There is no question that the most complex and gentle thing to fill the bellies of our little ones is breast milk. Nature has cleverly equipped it with everything a baby’s body needs. It is not only a source of nutrients and fluids, but to a certain degree, it serves a protective function and helps the body cope with the “dangers” of the world. The milk quality is, of course, in direct correlation with the mother’s diet.
Thriving children therefore need no baby-food at least until the end of the 6th month of age. The time of introducing other food into the baby’s diet is individual. There are certain orientation points. To name a few, it could be that the baby is able to drink about 1 litre of milk per day, reaching a certain weight or being visibly anxious to start eating new food, which may come earlier with children being fed baby formula (sometimes around the 5th month of age). Natural baby behaviour, such as reduced quality of sleep and more frequent waking up, is sometimes mistaken for hunger by the mothers and used as a reason to start using baby-food. In such cases, the baby-food cannot replace persistent mother’s care throughout the night.
Starting with baby-food
We can start with baby-food around the end of the 6th month of age. We gradually start adding vegetables (cooked and in the form of purée) into the exclusively milk diet, grains in the form of porridge (preferably gluten-free), various types of fruit and later even lean meat. Each new ingredient is introduced separately while monitoring the baby’s reaction for a couple of days trying to identify possible problems. Add neither salt nor sugar into the baby-food.
The child must be sitting while being fed. If capable, they should be sitting in a baby chair. If not, you can use a car safety seat for example. Feed the baby using a small spoon, and start with 1-2 spoons only, and add gradually. You can see that breastfeeding remains an integral part of the diet and the main source of nutrients, fluids and energy in the initial stages of adding baby-food.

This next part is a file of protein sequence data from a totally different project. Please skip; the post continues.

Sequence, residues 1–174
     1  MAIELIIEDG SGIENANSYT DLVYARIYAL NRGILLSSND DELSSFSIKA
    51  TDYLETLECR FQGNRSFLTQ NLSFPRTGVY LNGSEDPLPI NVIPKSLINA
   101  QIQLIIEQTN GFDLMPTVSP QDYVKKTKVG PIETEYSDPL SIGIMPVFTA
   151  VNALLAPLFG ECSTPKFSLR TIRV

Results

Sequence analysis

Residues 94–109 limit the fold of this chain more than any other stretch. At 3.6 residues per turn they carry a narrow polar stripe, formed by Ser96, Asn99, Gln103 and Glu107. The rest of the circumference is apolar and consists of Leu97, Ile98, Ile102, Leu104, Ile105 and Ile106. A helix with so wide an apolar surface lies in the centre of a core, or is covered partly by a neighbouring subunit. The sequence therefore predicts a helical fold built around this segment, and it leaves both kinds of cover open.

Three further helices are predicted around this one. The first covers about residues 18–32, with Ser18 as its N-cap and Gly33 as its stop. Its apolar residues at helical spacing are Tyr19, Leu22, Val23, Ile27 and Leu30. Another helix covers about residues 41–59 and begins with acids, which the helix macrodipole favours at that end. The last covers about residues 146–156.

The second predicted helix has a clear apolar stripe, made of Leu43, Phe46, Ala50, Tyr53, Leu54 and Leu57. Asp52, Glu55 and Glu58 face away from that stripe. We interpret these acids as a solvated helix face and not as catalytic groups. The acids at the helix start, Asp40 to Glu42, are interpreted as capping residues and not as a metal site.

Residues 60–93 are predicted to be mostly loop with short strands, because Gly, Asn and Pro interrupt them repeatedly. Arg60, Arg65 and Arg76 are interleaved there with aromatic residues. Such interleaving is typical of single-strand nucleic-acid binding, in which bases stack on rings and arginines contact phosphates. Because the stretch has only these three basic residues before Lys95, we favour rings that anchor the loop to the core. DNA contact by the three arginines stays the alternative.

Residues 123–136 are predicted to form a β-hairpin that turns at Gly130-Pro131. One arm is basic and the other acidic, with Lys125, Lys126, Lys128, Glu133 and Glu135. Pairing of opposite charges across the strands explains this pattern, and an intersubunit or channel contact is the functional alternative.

Cereal porridges are generally recommended as evening baby-food, but you can use them at different times as well. Non-milk cereal porridge is suitable for mixing with breast milk or formula. Cow milk is not recommended within the baby’s 1st year. The porridge can gradually be flavoured with a bit of fruit or vegetable purée and a spoon of a quality vegetable oil. Nomina instant non-milk cereal porridges can help tremendously when preparing food for a baby. They are made from grains only with no other ingredients. It is up to you what you add into the porridge. Nomina porridges are easy to prepare, there are numerous options (grains varying from rice to wholegrain spelt), and they are easily combined with both vegetable and fruit ingredients.
On top of that, some of them do not contain gluten. In terms of dietary gluten, the approach towards its content in baby diets has been completely reversed recently. Official recommendation nowadays is to include small mounts of gluten in baby diets starting from 4 moths of age. There is, however, significant lack of general consensus on this recommendation. What nutrition specialists generally agree on is the fact that gluten, as an allergen, should be added into the diet (in small amounts) as early as during breastfeeding while the baby’s immune system is being affected by receiving breast milk.
Nomina porridges are not defined as food for babies. Legislatively speaking, they do not belong into this category. They are standard food. Mothers choose them based on their own decisions. If you also decide to go for Nomina porridges, we recommend starting with Nomina Millet, Nomina Rice, Nomina Buckwheat or Nomík. These porridges are not as rich in fibre which should only be added into baby diets gradually. The porridges are filling, extremely well tolerated by babies and easily digestible. And last but not least, they are gluten-free. After these, you can gradually present your babies with other porridges.